Art & Photography

Susan Hiller: Channels

The American-born artist explores nostalgia and the familiar theme of the paranormal in her exhibition at Matt’s Gallery, London

Susan Hiller, Channels (2013). Photograph and copyright © 2013 Bernard G Mills
Susan Hiller, Channels (2013). Photograph and copyright © 2013 Bernard G Mills

Human beings have a strange relationship to technologies of visual representation. Cameras can steal your soul, Buddhas have to be machine-gunned because somebody might stumble on them and worship them, icon paintings of religious figures have to be effaced, well, for some reason. And, as anybody who’s seen Poltergeist knows, televisions can abduct your children. Apparently the same thing happens with young urban professionals and Apple products. Despite knowing all this, we invent new versions of these technologies and fetishise the ones which have just become obsolete. There’s a strangely direct nostalgia to the work Channels by Susan Hiller currently showing at Matt’s Gallery.

The work consists of a wall of more or less obsolete televisions stacked on top of each other. The televisions periodically fuzz to life showing blue screens, white noise, and, on some channels, the vocal signals from interviews with people who have undergone near-death-experiences. Hiller’s taste for the bodily resurrection of technologies past is well known: she’s dangled radio speakers from ceilings, created archives of pottery shards, and, of course, installed retro televisions in past exhibitions, but the televisual wall in Channels feels as much about nostalgia for the future as the vanishing past. Think back to a futuristic 80s movie of your choice in which some character is meant to represent the apex of technological power at a given moment. Chances are that character is sitting in a room full of televisions. It didn’t really turn out that way, but even seeing those films now, the message is clear: this is the world of tomorrow. The combination of this outmoded signifier of futuristicalness and the subject of the near-death-experience is apposite. The sculptural presence of the physical structure is as much a reference to speculation about what’s to come in the same way all of us, the future dead, are listening to that rare group of people for whom death is partially a memory, discussing what might (or might not) be waiting on the other side of the white light (or lack of it), can only theorise what we consider true, false, and other in the narratives the interviews construct.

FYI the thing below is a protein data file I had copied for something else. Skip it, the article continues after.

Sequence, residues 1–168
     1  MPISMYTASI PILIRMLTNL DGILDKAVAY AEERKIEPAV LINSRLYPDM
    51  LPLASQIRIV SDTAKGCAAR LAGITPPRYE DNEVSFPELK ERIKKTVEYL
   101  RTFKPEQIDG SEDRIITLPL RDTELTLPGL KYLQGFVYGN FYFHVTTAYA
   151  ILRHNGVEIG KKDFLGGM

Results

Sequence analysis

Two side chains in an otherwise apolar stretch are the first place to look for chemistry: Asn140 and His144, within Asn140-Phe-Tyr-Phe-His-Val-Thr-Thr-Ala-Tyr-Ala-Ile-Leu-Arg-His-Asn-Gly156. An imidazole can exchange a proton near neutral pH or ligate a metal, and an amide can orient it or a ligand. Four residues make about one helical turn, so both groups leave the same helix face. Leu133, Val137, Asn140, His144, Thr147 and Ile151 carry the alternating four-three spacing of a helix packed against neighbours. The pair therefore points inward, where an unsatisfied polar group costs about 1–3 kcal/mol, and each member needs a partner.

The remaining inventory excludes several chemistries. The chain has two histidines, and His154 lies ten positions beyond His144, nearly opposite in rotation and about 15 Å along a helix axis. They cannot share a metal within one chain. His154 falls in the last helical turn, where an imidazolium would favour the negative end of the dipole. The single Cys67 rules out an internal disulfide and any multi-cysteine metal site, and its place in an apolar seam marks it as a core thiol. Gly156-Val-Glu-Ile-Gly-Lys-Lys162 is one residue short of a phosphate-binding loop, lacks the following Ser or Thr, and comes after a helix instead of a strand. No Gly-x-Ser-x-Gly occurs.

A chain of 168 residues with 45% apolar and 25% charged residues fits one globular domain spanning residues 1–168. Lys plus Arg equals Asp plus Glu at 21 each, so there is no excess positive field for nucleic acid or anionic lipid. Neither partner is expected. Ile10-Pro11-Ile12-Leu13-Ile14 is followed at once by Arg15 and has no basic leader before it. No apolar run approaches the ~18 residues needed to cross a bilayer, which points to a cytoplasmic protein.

Hiller isn’t an artist who likes resolution, and the good thing about the paranormal is it doesn’t offer much in that department. Belief is a curious beast –  the more you corner it, the less visible it becomes. By making the voices both sonic and visual objects, the stories the voices tell take on an almost documentary character however implausible or contradictory they may be. It’s not a show that’s meant to change anyone’s mind about near death experiences any more than it’s a commentary on the efficacy of building TVs with VCRs attached, but hearing the stories, even a sceptical soul like myself can get carried along for the ride, at least until the next story springs to life (or death). And so the work becomes more about our belief in stories, some you can prove, some you can disprove, some you can hardly say anything about. It’s Hiller’s skill in realising that all are valuable.

Susan Hiller: Channels  runs until 14 April at Matt’s Gallery, 42-44 Copperfield Road, London E3 4RR